7 Things to Consider Before Starting Your Own Private Practice

Less than half of doctors work in private practice. Yet, for some, it's not only the right move — they do well starting their own practice entirely.

Still, although the payoff is often worth it, it's not an easy or stress-free process.

To ensure the most successful private practice possible and reduce the bumps in the road, here are the things you need to consider before you decide this path is the one for you.

1. Consider Your Motivation

Considering your motivation to start a medical practice might just be the most important factor in deciding if this is right for you. Although it's a very rewarding journey, it also comes with a lot of responsibility.

Those who start private practices because they want to be the boss and reduce their own workload will usually fail because they're oblivious to the work they have to put in to get things up and running.

However, if you want to start a private practice because you're passionate about helping people and have ideas for doing so, and you're fully aware of the difficulties you may face, that's a good sign that your practice might be a huge success. 

2. Think About the Responsibility

Carrying the weight of medical practice on your shoulders is far from easy, so it's critical to consider your responsibility and whether you can handle it. This may include:

  • Working extremely long hours, even when things are up and running

  • Being the go-to for all major decisions

  • Having to take the fall for mistakes

If you're comfortable carrying this and accept that it's worth it to have your practice and make a difference, it may be the right decision for you. 

3. Think About Location

If you want to start a practice, you need to think carefully about the location. You need to start your practice in a place where you can afford the building — whether buying outright or renting — but it also needs to be in a place where you'll get a lot of patients.

It's also a good idea to consider the competition in the area. You could struggle to find patients if you start a practice in a big city without a good marketing campaign and plenty of other doctors around.

You should counter this problem by researching the location, whether it's where you work and live now or in a brand new place.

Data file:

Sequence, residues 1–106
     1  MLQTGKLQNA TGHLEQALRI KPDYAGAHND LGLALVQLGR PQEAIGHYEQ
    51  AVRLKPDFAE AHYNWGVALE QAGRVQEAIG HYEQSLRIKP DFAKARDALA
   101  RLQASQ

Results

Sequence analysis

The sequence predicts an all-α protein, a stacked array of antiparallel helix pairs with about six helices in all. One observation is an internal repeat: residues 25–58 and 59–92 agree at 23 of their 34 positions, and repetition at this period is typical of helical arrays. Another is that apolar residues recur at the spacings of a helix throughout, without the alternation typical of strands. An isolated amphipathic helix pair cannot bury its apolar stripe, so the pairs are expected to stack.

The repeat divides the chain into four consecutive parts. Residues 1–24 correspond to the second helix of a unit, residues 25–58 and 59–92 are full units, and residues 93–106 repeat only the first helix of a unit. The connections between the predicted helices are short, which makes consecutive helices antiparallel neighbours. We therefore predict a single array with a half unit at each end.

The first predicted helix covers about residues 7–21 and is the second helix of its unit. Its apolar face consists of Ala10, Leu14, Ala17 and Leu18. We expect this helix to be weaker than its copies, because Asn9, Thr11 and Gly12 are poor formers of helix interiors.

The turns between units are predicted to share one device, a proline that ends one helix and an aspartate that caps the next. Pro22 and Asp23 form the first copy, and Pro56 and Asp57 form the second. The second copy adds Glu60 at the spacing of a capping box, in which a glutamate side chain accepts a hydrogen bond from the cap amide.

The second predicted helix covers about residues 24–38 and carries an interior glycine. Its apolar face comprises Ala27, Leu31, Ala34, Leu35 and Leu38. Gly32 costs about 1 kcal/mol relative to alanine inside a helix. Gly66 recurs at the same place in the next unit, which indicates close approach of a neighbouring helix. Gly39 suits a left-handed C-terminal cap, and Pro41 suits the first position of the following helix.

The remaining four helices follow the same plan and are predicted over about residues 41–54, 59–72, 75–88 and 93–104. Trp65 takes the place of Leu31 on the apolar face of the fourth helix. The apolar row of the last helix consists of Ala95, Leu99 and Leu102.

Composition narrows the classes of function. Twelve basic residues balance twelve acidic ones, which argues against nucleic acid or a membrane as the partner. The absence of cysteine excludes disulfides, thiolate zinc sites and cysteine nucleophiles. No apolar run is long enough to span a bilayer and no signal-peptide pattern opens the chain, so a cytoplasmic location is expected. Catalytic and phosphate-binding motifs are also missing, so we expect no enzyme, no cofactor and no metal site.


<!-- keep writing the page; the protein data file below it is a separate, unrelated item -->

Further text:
4. Fee Structures and Billing

You'll also have to research your fees and billing. You need to decide what kind of insurance you accept, if any, and if you accept out-of-pocket payments. Then it's about aligning with those insurance companies.

You'll also need to decide if you offer financing plans.

That's not even the most difficult part, though — the actual billing is. You'll have to hire a whole staff team to deal with that side of things unless you outsource this part, which is often a good idea.

Outsourcing medical billing benefits can be huge and really pay off.

5. Consider Who You Need to Employ

You'll also need to think about who you need to employ. A doctor's office doesn't run on medical staff alone, and supporting staff is usually critical to keeping things ticking over. This includes:

  • Billing staff, if you aren't outsourcing

  • Receptionists

  • Assistants

  • Nurses

You'll need to research the appropriate salary for each of these positions as well as the qualifications needed to become one. Hiring can be the most stressful part of any job with responsibility. 

6. Do You Have the Money?

Perhaps the biggest logistical factor to consider is if you have the money to start your own private practice. While it's true that it can be very lucrative, it also takes a lot of money to get things up and running. You have to pay for:

  • Staff

  • The latest technology and equipment

  • Software for billing and health records

  • The building itself

While those are likely to be the main expenses, there are many more things to consider. If you don't have the money at the start, or can't get it, then starting your own private practice will likely be impossible.

Most doctors who start their own private practice do so with a business loan, so do your research on how to get one of those and make sure you go with a reputable lender.

7. Is This Worth the Risk?

The last thing you need to consider is simply: is this worth the risk?

18.4% of private sector businesses fail within the first year. Even more will fall after that.

If you're prepared to put all of the work in with the honest understanding that things may not work out if you slack off — or even because of factors outside of your control — then you may be ready to begin this venture.

If you can't stand the thought of failure or may not be able to put the work in to make it successful, then sticking where you are right now may be the best bet for the foreseeable future.

The good news is that if you do your research and do this in a well-measured and educated way, the risk lessens — but it's impossible to negate completely.

Consider These Things Before Starting a Private Practice

Starting a private practice is an admirable decision, but it's not an easy one. There are lots of things to think about, from hiring the right staff, to medical billing, to the location of the practice.

There are many successful private practices around the United States though, so it's doable. It just takes determination, resilience, and smart, well-informed decisions.

For more business news and other advice, check out the rest of our site.